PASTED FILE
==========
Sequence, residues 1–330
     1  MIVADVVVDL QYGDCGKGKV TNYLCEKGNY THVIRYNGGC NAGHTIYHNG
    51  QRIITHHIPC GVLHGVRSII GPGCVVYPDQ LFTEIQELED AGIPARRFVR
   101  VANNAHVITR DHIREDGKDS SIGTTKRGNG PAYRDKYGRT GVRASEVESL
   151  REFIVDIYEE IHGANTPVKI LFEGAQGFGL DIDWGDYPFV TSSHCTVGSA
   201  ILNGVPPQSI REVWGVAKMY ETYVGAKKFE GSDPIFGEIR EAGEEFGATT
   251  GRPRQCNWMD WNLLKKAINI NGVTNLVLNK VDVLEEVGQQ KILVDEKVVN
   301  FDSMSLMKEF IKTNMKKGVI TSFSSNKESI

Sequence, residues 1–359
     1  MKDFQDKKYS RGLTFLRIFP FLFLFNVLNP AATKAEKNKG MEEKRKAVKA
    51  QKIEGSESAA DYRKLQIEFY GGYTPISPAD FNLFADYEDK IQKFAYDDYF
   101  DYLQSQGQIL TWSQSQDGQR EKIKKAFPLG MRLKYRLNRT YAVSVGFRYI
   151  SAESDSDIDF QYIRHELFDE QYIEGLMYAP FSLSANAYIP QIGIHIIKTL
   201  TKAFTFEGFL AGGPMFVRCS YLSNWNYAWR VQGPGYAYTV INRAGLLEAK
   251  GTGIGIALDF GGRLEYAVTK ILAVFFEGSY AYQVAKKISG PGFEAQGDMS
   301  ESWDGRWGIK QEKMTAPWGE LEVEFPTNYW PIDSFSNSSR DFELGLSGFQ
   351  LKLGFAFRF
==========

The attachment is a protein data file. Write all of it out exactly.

Sequence, residues 1–330
     1  MIVADVVVDL QYGDCGKGKV TNYLCEKGNY THVIRYNGGC NAGHTIYHNG
    51  QRIITHHIPC GVLHGVRSII GPGCVVYPDQ LFTEIQELED AGIPARRFVR
   101  VANNAHVITR DHIREDGKDS SIGTTKRGNG PAYRDKYGRT GVRASEVESL
   151  REFIVDIYEE IHGANTPVKI LFEGAQGFGL DIDWGDYPFV TSSHCTVGSA
   201  ILNGVPPQSI REVWGVAKMY ETYVGAKKFE GSDPIFGEIR EAGEEFGATT
   251  GRPRQCNWMD WNLLKKAINI NGVTNLVLNK VDVLEEVGQQ KILVDEKVVN
   301  FDSMSLMKEF IKTNMKKGVI TSFSSNKESI

Sequence, residues 1–359
     1  MKDFQDKKYS RGLTFLRIFP FLFLFNVLNP AATKAEKNKG MEEKRKAVKA
    51  QKIEGSESAA DYRKLQIEFY GGYTPISPAD FNLFADYEDK IQKFAYDDYF
   101  DYLQSQGQIL TWSQSQDGQR EKIKKAFPLG MRLKYRLNRT YAVSVGFRYI
   151  SAESDSDIDF QYIRHELFDE QYIEGLMYAP FSLSANAYIP QIGIHIIKTL
   201  TKAFTFEGFL AGGPMFVRCS YLSNWNYAWR VQGPGYAYTV INRAGLLEAK
   251  GTGIGIALDF GGRLEYAVTK ILAVFFEGSY AYQVAKKISG PGFEAQGDMS
   301  ESWDGRWGIK QEKMTAPWGE LEVEFPTNYW PIDSFSNSSR DFELGLSGFQ
   351  LKLGFAFRF